Martin, Lord & Osman P.A.
Call Today For A Consultation 603-524-4121
contact Menu

Martin, Lord & Osman, P.A. Your Law Firm For Life

New Hampshire Law Blog

Estate planning can start with informal steps

People can feel the need to create an estate plan for many reasons. You may have experienced a sudden life event, such as having a baby, that presented the need for an estate plan, or you may have been thinking about creating a plan for some time and have finally decided to move forward with the process. Whatever the reason, deciding to take planning steps is a smart move.

Though you know the time is right to create your plan, you may still not feel confident in how to get started. This feeling is understandable because getting your final affairs in order is certainly a daunting task. Fortunately, you can obtain help throughout the process to ensure that you include everything you need in your plan.

Summer road rage can carry into cooler months

Summertime comes with heat, humidity and hot feelings, especially while in traffic. Road rage is commonplace when temperatures rise, but it can carry into autumn and beyond. Acting in this manner can lead to aggressive driving, motor vehicle accidents, injuries, fatalities and personal injury claims.

While cities and states with higher levels of traffic and congested drivers ranked the highest in Gas Buddy’s study of which U.S. states had the most aggressive drivers, that doesn’t mean it doesn’t happen in New Hampshire. The study cited California as the state with the most aggressive and road-rage-ridden drivers who took part in an “aggressive driving incident” every 6.6 miles. The study also revealed hard breaking to be the No. 1 most aggressive driving event.

The most common reasons people fail to make an estate plan

If you have an estate plan, you are in the minority. Most people across the country, including many here in New Hampshire, don't have one. If you fall into this category, you risk letting the state decide what happens to your assets after you die.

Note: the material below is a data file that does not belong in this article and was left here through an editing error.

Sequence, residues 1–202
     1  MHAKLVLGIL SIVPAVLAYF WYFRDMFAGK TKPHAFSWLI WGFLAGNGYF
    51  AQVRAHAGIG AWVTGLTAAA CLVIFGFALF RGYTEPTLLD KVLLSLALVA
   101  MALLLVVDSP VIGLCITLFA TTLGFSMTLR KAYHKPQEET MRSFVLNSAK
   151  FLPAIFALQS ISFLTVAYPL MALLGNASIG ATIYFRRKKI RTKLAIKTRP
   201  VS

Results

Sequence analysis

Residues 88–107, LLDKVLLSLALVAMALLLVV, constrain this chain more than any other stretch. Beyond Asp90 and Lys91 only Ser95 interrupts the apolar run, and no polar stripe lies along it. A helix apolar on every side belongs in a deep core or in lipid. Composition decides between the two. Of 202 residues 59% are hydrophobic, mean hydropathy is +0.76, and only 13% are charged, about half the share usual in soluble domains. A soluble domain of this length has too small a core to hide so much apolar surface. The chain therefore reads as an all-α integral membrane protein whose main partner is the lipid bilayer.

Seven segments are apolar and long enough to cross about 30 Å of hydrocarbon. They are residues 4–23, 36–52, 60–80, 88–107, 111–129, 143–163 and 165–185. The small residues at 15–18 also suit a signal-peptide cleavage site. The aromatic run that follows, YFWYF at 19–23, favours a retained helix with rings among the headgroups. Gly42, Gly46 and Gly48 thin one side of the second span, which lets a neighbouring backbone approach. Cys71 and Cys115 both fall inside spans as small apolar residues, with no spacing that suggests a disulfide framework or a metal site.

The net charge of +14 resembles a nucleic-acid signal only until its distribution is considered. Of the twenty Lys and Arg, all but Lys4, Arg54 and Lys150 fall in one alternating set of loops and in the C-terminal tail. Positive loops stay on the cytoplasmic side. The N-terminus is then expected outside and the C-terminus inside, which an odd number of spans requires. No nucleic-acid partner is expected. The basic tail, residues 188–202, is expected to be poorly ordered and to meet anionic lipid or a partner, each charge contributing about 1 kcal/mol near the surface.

There is another significant risk if you have not created an estate plan. If you become unable to make decisions for yourself regarding your health care or finances due to an injury or illness, your family will need to go to court in order to help you through this rough time -- even if it's temporary.

An overview of civil litigation

If you are involved in a dispute with someone else, you may find the situation becoming more frustrating and time consuming. When such a dispute involves your business, it can mean diverting valuable time and resources to the issue with no end in sight. However, even if the matter is personal, you may find yourself taking time away from your job and family while you protect your rights.

One way to resolve such a situation is through civil litigation. Taking this step is appropriate when the dispute is costing you money or preventing you from exercising your rights. It is different from a criminal trial because the results will not include criminal penalties, such as jail. Instead, you are looking for a legal decision that will compensate you for your loss and clarify your rights. Civil litigation can be complex and challenging, but it may be the surest way to reach a resolution.

What to consider if you have real estate in more than one state